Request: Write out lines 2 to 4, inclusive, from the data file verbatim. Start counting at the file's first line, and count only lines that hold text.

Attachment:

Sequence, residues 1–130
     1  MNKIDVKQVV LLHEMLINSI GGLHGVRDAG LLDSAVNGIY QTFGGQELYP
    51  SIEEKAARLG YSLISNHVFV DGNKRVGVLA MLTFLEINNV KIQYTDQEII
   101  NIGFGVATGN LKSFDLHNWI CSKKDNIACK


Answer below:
     1  MNKIDVKQVV LLHEMLINSI GGLHGVRDAG LLDSAVNGIY QTFGGQELYP
    51  SIEEKAARLG YSLISNHVFV DGNKRVGVLA MLTFLEINNV KIQYTDQEII
   101  NIGFGVATGN LKSFDLHNWI CSKKDNIACK